Historians of the United States offer some useful examples of how bringing indigenous and minority populations to the centre affects historical interpretation. Ronald Takaki (1993), in writing one of the first broadly multicultural general histories of the United States, vividly demonstrated that incorporating more threads does not merely create a richer tapestry, it also provides alternate understandings of the past. For instance, the insights that race and racism have been fundamental to all eras of U.S. history; and that one’s view of the United States differs greatly depending on whether one is indigenous (a nation state by conquest), African American (the land of enslavement and oppression), or an immigrant (a land of opportunities). 10 In this regard, the distinction that John Ogbu (1991) draws between voluntary immigrant and involuntary nonimmigrant minorities is also relevant. Similarly, Daniel Richter (2001), in his work on Native American history, argues that a shift of perspectives drastically alters the historical interpretation. As the title of his book, Facing East from Indian Country, suggests, if Native Americans assume the subject position, then North America becomes the Old World; King Philip becomes a foundational hero on par with George Washington; and the European and U.S. expansion becomes ‘a problem to be explained, not an inevitable process to be traced’ (Richter, 2001: 8). One also becomes able to see that, in order to justify their expansion, white Americans had to erase their early interactions with Native Americans and rewrite the entire continent as a place untouched by human hands and thus in need of civilisation. Neither Takaki nor Richter offer new periodisations of U.S. history based upon their paradigm shifts. Takaki seems to remain within a conventional chronology, although with Richter, 1776 appears much less significant than the 1830s, the decade in which ‘the east at last ceased to be Indian country’ (Richter, 2001: 236). 11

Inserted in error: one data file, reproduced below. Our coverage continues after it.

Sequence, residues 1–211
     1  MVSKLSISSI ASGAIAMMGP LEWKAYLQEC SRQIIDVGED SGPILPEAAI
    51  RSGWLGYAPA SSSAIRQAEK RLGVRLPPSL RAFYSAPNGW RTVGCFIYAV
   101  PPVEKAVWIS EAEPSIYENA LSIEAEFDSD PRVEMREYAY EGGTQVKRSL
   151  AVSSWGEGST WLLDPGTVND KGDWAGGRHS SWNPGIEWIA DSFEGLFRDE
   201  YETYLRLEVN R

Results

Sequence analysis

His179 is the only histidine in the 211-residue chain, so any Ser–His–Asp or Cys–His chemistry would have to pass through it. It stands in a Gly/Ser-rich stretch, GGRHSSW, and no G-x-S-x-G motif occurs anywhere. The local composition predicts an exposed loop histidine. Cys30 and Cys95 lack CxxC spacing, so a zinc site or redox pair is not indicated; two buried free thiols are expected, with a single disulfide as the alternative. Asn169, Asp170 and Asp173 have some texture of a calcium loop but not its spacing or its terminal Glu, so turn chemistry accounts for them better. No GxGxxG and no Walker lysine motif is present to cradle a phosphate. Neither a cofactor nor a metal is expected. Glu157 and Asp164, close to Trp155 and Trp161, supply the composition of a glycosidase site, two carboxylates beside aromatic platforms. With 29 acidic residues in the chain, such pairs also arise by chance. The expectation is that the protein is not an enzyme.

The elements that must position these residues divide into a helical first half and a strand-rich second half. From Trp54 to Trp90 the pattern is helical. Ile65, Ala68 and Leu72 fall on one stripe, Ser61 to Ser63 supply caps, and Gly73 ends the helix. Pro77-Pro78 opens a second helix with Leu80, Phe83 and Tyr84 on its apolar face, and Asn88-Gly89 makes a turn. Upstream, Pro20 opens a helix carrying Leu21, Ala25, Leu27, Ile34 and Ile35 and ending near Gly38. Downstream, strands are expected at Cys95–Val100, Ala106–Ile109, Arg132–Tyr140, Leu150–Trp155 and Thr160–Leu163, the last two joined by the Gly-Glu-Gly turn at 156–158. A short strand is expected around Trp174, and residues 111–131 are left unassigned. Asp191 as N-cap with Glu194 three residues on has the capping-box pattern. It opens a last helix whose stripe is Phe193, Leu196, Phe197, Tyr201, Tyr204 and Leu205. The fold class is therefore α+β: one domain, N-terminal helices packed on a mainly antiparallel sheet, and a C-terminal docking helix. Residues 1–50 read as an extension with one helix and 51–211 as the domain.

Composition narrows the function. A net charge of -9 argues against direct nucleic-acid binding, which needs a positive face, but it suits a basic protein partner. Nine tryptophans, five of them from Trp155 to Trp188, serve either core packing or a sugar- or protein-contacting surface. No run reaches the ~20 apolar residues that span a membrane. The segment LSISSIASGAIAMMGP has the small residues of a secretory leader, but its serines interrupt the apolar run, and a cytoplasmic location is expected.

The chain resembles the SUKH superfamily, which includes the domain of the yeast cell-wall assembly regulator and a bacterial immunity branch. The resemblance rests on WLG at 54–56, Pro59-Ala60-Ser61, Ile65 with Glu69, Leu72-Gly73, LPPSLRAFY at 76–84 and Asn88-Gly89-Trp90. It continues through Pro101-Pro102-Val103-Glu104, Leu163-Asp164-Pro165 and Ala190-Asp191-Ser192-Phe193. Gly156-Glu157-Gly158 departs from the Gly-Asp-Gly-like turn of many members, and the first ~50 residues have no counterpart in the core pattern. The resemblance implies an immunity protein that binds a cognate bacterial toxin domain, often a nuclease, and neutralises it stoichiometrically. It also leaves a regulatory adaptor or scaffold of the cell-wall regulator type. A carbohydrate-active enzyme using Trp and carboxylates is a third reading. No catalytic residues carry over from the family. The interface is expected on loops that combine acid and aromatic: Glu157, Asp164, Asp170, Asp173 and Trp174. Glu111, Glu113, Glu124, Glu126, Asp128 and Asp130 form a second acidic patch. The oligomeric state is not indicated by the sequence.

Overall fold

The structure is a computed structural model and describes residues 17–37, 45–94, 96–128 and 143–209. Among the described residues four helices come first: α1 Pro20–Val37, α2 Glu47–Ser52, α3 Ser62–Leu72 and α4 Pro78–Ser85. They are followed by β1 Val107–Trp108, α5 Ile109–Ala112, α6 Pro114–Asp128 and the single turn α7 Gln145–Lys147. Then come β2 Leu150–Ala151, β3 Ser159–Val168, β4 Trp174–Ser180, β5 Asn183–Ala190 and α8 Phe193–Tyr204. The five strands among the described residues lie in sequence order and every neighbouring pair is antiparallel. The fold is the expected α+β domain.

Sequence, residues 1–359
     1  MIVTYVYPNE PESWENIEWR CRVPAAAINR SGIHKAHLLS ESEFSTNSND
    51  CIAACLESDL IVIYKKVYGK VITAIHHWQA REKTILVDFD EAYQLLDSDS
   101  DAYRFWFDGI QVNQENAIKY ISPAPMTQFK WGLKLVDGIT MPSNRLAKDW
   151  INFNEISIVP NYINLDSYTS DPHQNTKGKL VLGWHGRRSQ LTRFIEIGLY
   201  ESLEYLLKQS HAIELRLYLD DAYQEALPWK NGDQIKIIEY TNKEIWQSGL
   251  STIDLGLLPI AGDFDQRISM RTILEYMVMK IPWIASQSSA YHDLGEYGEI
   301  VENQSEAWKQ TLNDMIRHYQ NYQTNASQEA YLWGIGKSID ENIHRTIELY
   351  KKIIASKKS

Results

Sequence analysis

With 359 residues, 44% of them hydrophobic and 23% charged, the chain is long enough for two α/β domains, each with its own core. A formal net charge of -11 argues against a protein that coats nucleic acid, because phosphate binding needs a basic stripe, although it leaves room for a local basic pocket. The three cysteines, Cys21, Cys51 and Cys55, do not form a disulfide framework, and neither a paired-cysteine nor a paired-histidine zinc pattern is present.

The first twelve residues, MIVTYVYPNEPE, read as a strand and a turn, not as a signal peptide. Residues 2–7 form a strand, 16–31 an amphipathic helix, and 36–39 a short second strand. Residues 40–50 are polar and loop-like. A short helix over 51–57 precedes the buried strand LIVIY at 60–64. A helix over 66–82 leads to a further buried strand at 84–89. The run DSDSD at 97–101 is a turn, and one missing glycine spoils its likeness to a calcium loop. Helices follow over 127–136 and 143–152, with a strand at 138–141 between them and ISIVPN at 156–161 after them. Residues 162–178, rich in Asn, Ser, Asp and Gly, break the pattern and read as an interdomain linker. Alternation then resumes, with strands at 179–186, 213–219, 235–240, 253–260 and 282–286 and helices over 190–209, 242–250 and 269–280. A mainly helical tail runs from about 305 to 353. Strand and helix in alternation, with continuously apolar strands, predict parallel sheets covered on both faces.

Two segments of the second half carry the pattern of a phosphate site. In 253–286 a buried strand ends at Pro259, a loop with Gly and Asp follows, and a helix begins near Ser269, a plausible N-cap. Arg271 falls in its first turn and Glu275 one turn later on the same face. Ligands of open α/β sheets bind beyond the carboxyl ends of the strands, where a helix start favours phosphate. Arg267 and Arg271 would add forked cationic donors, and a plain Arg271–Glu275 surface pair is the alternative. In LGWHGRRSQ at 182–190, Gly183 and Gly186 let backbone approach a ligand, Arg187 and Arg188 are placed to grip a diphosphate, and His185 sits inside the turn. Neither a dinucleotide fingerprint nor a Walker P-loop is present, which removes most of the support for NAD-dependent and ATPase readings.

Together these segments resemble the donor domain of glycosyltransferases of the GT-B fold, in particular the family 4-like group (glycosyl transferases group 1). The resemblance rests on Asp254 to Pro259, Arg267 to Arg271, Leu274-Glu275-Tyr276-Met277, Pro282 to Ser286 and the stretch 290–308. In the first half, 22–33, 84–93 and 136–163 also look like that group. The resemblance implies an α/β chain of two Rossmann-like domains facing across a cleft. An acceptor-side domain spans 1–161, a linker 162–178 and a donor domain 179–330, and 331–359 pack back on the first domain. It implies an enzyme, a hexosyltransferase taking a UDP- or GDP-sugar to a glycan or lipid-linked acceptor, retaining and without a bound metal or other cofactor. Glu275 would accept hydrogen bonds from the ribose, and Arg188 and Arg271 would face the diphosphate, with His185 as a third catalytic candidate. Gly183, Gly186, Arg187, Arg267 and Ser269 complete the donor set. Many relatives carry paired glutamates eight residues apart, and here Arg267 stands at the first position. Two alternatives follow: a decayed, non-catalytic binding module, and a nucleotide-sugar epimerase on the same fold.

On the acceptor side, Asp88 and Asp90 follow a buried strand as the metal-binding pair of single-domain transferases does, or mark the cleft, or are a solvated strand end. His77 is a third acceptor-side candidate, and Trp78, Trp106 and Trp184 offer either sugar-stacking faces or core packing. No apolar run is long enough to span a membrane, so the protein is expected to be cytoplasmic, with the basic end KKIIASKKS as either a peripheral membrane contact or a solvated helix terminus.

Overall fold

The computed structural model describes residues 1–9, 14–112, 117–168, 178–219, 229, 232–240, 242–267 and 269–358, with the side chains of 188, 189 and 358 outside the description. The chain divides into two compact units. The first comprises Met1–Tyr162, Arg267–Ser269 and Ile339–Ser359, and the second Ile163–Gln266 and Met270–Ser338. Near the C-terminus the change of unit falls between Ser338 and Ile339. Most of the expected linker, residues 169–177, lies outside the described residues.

However, other scholars of U.S. history offer some clues as to what a multicultural periodisation might look like. To begin with the standard version, Rogan Kersh (2005), in a recent essay on the periodisation of U.S. political history, observes that the chronological divisions went through a number of changes prior to 1950, but have remained relatively constant since that time, when Arthur Schlesinger, Sr., proposed 12 major eras. Kersh has little to say about how other types of history might be divided. In contrast, Allison Dorsey (2007) argues that beginning with the understanding that ‘black history is American history’ promotes a different chronology, one that consists of two broad eras divided by the decade of Reconstruction. Thomas Holt (2010), based on his observation that ‘ordinary people don’t live history as it is taught by historians. They live across our chronological divides’ (Holt, 2010: xvii), demarcates time in his study of the lived experiences of African Americans according to generation. These works, along with Richter’s, demonstrate that, when multiple racial and ethnic populations rather than political development are the subject under study, we must adopt new chronologies.